Among the first things we want people to know about the institution is that:
The Office of the Commissioner for Administration (Cyprus Ombudsman) was established in 1991 by the enactment of the Commissioner for Administration Laws following approval by the House of Parliament. Since these laws have undergone a number of amendments but remain in force with regard to the competences of the Commissioner as an independent authority, responsible to deal with issues of maladministration, misbehaviour and human rights violations by state authorities or public officers. In 2004, following the accession of Cyprus into the EU and as a result of the incorporation of Directives 2000/78/EC and 2000/43/EC into Cyprus law (Law 42 (I)/2004) the mandate of the Ombudsman was expanded so as to include competences for combating discrimination and promoting equality under the directives. This Law led to the establishment of the Equality Body. In 2009, following the ratification of the Optional Protocol of the UN Convention against Torture by the enactment of Law 2 (III) /2009, the competences of the National Mechanism for the Prevention of Torture (NPM) were added to the existing competences of the institution. In 2011, the Commissioner for Administration Laws were amended and the institution was renamed “Commissioner for Administration and the Protection of Human Rights” and vested with broader functions in the area of protecting, promoting and guaranteeing human rights as National Institution for Human Rights (NHRI) in line with the Paris Principles. In 2012, following the ratification of the UN Convention for the Rights of Persons with Disabilities (PwD) by the Republic of Cyprus and a relevant Council of Ministers Decision, the Office was appointed independent mechanism for the protection, promotion and monitoring of the implementation of the Convention, in accordance with article 33 (2) of the UN Convention and the Independent Authority for the Promotion of the Rights of PwD was established. In the framework of harmonisation with Directive 2008/115/EC and following a relevant Council of Ministers Decision dated 4 December 2012, the Commissioner for Administration and the Protection of Human Rights, in 2018, has started acting as a Mechanism for the Monitoring of the Procedures of Forced Returns of third-country Nationals.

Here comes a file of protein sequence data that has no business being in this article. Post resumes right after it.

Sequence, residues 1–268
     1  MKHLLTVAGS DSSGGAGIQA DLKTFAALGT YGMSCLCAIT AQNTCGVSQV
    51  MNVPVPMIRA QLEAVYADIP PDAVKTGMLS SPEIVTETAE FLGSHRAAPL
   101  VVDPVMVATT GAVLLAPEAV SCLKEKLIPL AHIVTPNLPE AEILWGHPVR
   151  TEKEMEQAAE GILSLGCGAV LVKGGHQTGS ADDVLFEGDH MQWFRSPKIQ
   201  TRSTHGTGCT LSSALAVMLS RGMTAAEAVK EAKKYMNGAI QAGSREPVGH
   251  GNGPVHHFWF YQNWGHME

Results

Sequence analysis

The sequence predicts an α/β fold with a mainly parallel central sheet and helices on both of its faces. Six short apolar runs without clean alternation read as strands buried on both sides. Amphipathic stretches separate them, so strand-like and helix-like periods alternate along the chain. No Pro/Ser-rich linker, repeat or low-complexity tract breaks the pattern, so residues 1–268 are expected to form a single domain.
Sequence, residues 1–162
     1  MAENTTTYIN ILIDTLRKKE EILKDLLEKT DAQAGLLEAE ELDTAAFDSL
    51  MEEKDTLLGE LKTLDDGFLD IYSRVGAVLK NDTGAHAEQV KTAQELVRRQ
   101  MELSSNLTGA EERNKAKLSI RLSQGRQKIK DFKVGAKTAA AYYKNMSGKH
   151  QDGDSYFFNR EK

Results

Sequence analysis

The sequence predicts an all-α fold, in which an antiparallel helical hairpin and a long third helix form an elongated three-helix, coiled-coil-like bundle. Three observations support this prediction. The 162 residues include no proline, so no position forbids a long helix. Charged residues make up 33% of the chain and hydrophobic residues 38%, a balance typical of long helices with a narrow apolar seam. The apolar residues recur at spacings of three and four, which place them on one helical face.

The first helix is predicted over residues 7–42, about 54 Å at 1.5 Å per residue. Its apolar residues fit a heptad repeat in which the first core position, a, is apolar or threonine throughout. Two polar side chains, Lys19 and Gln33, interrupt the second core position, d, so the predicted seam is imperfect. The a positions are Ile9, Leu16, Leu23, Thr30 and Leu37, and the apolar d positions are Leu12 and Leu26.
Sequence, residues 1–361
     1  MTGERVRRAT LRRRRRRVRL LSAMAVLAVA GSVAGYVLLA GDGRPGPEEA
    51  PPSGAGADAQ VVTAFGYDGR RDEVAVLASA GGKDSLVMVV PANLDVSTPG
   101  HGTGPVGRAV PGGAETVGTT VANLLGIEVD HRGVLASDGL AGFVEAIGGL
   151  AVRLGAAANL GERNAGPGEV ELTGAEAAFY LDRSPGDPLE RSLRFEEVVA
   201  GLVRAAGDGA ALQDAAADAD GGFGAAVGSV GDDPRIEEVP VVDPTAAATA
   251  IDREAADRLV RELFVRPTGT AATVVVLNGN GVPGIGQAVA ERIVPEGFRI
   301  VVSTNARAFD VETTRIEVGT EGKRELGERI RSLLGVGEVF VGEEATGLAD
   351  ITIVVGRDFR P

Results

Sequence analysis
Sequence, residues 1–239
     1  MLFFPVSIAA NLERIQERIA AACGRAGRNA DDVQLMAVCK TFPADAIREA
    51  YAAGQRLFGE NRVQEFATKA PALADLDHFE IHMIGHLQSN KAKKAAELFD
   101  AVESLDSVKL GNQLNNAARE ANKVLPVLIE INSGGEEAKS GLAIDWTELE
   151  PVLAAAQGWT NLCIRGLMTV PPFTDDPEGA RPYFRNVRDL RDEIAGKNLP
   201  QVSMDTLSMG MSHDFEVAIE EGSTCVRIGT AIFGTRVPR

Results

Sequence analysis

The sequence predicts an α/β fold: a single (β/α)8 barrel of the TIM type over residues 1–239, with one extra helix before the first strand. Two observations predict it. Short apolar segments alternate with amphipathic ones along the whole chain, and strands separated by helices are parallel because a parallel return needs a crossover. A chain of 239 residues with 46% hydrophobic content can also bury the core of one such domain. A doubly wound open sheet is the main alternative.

Predominantly tribunal-type (quasi-judicial) body
|Activities aimed at supporting vulnerable groups ( e.g. through trainings )|
|Activities aimed at supporting duty bearers such as employers and service providers (e.g. through trainings, guidance material, practical support, etc.)|
|Communication activities (e.g. awareness raising campaigns)|
|Recommendations on discrimination issues|
|Publications and reports|
|Research projects (including surveys)|
|Number of inquiries handled per year (all contact even if not resulting in a formal complaint)|
|Number of cases handled per year (case files opened and processed according to your procedures)|
|Number of media appearances per year (major newspapers/magazines/websites/blogs, TV + radio channels) - does not include social media|
The Ombudsman heads and has, therefore, the final word for all works of the Office of the Commissioner for Administration and the Protection of Human Rights (as mentioned above at the par.2 – Brief History).
Please see ’Brief History’ above.
The Ombudsman is appointed by the President of the Republic, following a recommendation of the Council of Ministers and a majority decision of the House of Parliament. The Ombudsman must be a citizen of the Republic, over 35 years old, with a high level of education, experience and integrity. The Ombudsman’s term of Office is 6 years and may be renewed. The institution’s personnel is appointed in accordance with the Public Service Laws.
|Grounds / Fields||Employment||Education||Housing||Social Protection & Healthcare||Goods and Services||Other|
|Race and Ethnic Origin|
|Religion & Belief|